How frequently does my vehicle need to get tested?
Smog Check Antelopes are required biennially (every other year) on vehicles more than six model-years old. Additionally, a Smog Test is required if you market a car that’s more than four model-years old and when enrolling an off-road car for the first time in California.
How can I assist my vehicle pass a Smog Check Antelope?
Performing regular and proper maintenance depending on your owner’s guide rather than tampering with the emissions-control gear will help improve your car or truck ‘s chances of passing a Smog Check Antelope. When the “Check Engine” light comes on, take your car to a certified repair station when you can to have the issue diagnosed-do not wait for the vehicle’s next scheduled Smog Test. A blinking or flashing light indicates a malfunction which should be addressed promptly to avoid serious harm to the motor or emission-control systems. Check your owner’s guide for repairs which may be covered under your car or truck manufacturer’s emissions guarantee.
What are the elements of a Smog Check Antelope?
Smog Check Antelopes are designed to measure the amount and type of pollutants your motor vehicle is emitting. A Smog Test can include any of the following tests:
- Visual inspection of emission control systems and components
- Tailpipe emissions review
What vehicles need a Smog Check Antelope?
Gasoline-powered vehicles, hybrids, and alternative-fuel vehicles that are model year 1976 and newer need a Smog Check Antelope, together with the following exceptions:
- Six model-years and newer do not need a biennial (every other year) inspection.
- Four model-years and newer do not need a change-of-ownership inspection.
For example, a 2010 model-year vehicle will first be subject to a biennial Smog Test in 2016 (2010 6 = 2016) plus a change-of-ownership Smog Test at 2014 (2010 4 = 2014).
Diesel-powered vehicles 1998 and newer with a gross vehicle weight rating of 14,000 pounds and less need a Smog Test.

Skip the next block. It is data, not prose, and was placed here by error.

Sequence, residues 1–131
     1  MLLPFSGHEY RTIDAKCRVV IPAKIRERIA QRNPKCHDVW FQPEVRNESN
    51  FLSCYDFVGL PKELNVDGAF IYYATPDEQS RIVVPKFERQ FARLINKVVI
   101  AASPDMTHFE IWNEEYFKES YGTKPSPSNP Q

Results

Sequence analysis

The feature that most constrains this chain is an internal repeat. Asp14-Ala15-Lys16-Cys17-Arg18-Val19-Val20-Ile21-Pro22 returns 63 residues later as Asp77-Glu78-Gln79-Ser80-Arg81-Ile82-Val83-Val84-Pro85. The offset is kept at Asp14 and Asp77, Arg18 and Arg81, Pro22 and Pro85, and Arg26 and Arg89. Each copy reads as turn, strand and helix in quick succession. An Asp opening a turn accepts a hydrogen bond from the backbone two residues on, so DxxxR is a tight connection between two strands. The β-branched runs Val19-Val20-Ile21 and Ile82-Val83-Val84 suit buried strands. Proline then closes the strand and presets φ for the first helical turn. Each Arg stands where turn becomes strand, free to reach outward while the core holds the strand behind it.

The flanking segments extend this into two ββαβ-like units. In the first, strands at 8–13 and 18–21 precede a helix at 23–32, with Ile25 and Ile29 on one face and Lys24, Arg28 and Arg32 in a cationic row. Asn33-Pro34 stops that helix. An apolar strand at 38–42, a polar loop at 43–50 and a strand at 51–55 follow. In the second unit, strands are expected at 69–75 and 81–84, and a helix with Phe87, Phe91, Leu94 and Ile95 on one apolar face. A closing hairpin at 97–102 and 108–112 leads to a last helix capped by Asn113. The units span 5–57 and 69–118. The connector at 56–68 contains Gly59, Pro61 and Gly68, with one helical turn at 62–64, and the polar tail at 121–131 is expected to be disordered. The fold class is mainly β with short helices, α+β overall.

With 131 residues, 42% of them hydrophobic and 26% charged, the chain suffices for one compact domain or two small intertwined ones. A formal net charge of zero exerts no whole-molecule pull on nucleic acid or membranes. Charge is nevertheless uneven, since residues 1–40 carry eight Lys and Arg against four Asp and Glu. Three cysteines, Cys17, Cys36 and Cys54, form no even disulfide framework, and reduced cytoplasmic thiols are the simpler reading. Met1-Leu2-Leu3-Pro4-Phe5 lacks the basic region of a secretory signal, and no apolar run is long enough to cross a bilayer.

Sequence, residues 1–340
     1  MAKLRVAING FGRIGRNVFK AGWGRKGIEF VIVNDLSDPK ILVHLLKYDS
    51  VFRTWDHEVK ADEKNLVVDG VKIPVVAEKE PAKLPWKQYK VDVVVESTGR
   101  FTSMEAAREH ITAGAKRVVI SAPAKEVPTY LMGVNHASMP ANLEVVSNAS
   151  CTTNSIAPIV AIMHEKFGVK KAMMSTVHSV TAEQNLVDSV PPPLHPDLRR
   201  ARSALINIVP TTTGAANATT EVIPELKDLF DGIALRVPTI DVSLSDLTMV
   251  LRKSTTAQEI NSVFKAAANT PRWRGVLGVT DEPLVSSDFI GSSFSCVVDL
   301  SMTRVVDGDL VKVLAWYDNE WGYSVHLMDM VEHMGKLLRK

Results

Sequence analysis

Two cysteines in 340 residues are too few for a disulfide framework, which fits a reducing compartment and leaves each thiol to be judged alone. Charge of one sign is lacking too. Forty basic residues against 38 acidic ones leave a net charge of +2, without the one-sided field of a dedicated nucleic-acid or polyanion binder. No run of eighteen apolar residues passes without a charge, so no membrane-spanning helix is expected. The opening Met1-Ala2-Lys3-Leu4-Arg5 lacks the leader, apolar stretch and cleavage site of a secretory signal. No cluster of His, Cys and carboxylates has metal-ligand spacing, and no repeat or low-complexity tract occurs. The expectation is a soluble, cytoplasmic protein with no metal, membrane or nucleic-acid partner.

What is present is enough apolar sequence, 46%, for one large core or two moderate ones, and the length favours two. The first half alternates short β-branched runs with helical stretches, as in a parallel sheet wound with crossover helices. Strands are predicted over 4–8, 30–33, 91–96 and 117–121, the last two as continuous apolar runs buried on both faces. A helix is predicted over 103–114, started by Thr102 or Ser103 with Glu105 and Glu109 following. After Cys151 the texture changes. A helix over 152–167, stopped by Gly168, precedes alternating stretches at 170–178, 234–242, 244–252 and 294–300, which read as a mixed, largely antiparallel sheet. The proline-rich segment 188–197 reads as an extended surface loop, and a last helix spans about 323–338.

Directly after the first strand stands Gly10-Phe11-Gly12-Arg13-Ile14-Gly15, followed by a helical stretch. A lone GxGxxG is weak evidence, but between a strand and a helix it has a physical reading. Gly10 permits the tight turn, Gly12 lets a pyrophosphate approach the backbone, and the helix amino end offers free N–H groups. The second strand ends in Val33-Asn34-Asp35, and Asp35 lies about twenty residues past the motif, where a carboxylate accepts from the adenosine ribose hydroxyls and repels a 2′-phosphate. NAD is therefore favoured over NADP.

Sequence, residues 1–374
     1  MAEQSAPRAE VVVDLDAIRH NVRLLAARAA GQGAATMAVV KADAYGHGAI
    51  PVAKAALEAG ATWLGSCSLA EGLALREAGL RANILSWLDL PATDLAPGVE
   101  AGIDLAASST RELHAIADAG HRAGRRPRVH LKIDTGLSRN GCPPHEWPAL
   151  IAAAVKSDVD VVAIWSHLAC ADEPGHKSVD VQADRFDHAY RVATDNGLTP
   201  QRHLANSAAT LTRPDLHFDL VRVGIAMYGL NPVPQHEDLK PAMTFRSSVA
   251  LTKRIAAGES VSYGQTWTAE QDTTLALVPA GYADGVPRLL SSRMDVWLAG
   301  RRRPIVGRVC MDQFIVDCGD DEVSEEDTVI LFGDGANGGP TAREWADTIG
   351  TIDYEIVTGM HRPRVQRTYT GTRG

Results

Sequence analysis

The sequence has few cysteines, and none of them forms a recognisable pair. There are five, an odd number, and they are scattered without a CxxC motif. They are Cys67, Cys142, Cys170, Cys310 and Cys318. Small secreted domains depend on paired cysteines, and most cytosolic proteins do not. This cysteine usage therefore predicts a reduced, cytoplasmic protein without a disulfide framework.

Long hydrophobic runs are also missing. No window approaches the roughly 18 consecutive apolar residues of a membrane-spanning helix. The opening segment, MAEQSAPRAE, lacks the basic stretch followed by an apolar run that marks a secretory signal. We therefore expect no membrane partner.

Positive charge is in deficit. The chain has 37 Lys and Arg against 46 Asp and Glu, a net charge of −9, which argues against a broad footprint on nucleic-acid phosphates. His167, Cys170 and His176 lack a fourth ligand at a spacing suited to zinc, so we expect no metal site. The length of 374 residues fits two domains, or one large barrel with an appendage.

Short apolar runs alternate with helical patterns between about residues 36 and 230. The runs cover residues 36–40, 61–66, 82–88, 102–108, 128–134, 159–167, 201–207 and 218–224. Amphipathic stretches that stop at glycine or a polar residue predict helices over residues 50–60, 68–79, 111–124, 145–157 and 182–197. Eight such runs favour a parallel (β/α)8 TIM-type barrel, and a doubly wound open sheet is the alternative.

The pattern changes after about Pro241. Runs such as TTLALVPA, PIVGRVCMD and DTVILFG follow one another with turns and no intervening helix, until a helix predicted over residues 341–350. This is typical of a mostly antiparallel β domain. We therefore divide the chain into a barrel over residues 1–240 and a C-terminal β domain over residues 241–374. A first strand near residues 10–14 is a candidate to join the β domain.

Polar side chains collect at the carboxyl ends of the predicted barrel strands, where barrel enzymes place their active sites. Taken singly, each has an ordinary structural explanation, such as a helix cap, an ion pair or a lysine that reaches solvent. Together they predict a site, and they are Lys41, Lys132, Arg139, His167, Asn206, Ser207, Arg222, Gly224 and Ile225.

Motorcycles and electric-powered vehicles are exempt from the Smog Check Antelope Program.
Is your Smog Check Antelope Program biased against older automobiles?
No. While California law requires the Smog Test Program to concentrate on high-polluting vehicles, the Smog Check Antelope Program also does not demand older vehicles to satisfy the very same emissions standards as newer vehicles. Smog Test emissions criteria take under consideration the age, make and model of each car, so that a car is not held to some standard which applied when the vehicle was originally manufactured.
I have a car that’s six model-years old. My DMV registration renewal notice states it must have a Smog Check Antelope, but I thought it was exempt from the biennial Smog Test condition.
A gas-powered vehicle is excused from Smog Check Antelope until it is seven model-years old. Department of Motor Vehicles (DMV) computers are designed to recognize the exemption and process your renewal consequently. Contact DMV in case you think there is an error. If you cannot resolve the issue with DMV, a country Referee facility could be able to provide help. Telephone the Referee Call Center at -LRB-800-RRB- 622-7733 to schedule an appointment.
What is the Enhanced Area?
An improved Area is an urban region characterized by the U.S. Environmental Protection Agency as not being in conjunction with federal health standards for ozone. Vehicles enrolled in an improved Area are subject to some treadmill emissions test on a dynamometer and may require testing at a STAR-certified station.
Have California vehicle emissions standards changed?
Yes. BAR periodically adjusts some criteria to raise their fairness. Because of this, some criteria become marginally more stringent than they were previously and some slightly more lenient. California’s emissions criteria consider the model-year, vehicle make and model, and gross weight of the motor vehicle. Older cars have less stringent criteria than newer ones. No elderly vehicle is ever held to the very same criteria as a newer, more technologically advanced car or truck. Allowances are made for normal wear and tear at a vehicle’s emissions control system as it ages. The last adjustment occurred in 2010.